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Ask Mr. Smarty Plants is a free service provided by the staff and volunteers at the Lady Bird Johnson Wildflower Center.

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Tuesday - April 26, 2011

From: Pleasant Garden, NC
Region: Southeast
Topic: Pruning, Seasonal Tasks, Transplants, Vines
Title: Carolina Jasmine failing to turn green in Pleasant Garden NC
Answered by: Barbara Medford

QUESTION:

We planted Carolina Jasmine last year and it did great. This Spring we only have about 2-3 small green leaves beginning on the vines. We did not cut them back in the Fall. Is it time for them to be turning green?

ANSWER:

This is a little puzzling. According to our Native Plant Database page (which read) on Gelsemium sempervirens (Carolina jessamine), this plant is evergreen and blooms yellow from December to May. I know everyone on the East Coast had unusually cold weather this past Winter. Did your plant have leaves on it that dropped off in the cold? In view of the fact that it is supposed to be evergreen, those few leaves may be all that survived the cold. Don't give up, yet. According to this USDA Plant Profile Map, Guilford County, in north central North Carolina, is slightly out of the natural range of this plant; however, we don't think it is far enough to be significant. The fact that it was just planted last year makes us think of transplant shock. If it was planted in very hot or very cold weather, or the roots were somehow damaged in the transplanting, the plant may still be trying to recover from that. The results of transplant shock can show up from one to three years after the planting. We would suggest you coddle it a bit, trim off some of the dead growth (in the process, seeing if there is some green under the bark), and keep it well-watered. Do not fertilize. Fertilizing a plant under stress, which this one obviously is, will result in trying to push the plant into new growth when the plant is just trying to survive. If it does begin to leaf out, we don't think you can expect any bloom on it this year, but if you cover it if there is extreme cold again, we think it will rise to bloom again next year.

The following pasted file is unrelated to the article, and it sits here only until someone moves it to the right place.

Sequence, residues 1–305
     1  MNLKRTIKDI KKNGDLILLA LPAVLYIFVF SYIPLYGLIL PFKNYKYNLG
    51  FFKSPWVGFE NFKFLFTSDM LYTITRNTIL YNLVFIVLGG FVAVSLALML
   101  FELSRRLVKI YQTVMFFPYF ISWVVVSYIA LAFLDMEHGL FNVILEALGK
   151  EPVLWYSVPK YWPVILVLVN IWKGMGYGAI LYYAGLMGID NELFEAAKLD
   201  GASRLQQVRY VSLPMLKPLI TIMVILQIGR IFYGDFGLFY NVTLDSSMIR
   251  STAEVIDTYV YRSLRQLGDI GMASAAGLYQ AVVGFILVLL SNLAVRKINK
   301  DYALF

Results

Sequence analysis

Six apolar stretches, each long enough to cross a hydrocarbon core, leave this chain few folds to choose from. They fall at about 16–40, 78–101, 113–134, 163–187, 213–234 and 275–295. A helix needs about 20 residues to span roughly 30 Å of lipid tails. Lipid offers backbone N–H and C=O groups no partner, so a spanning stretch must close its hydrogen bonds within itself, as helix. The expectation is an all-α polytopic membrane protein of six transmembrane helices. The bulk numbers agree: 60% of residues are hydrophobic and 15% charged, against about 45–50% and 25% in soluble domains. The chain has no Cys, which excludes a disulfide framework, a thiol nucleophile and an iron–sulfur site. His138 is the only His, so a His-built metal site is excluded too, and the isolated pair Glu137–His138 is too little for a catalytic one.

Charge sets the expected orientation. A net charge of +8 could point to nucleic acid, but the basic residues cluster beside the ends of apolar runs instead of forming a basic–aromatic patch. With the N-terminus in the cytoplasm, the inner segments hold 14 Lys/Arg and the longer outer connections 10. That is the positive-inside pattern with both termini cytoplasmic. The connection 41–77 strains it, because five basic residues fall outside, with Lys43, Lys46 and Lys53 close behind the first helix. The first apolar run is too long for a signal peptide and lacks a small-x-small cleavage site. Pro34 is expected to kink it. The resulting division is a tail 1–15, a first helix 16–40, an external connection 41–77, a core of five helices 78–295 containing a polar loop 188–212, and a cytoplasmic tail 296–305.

From the Image Gallery


Carolina jessamine
Gelsemium sempervirens

Carolina jessamine
Gelsemium sempervirens

Carolina jessamine
Gelsemium sempervirens

Carolina jessamine
Gelsemium sempervirens

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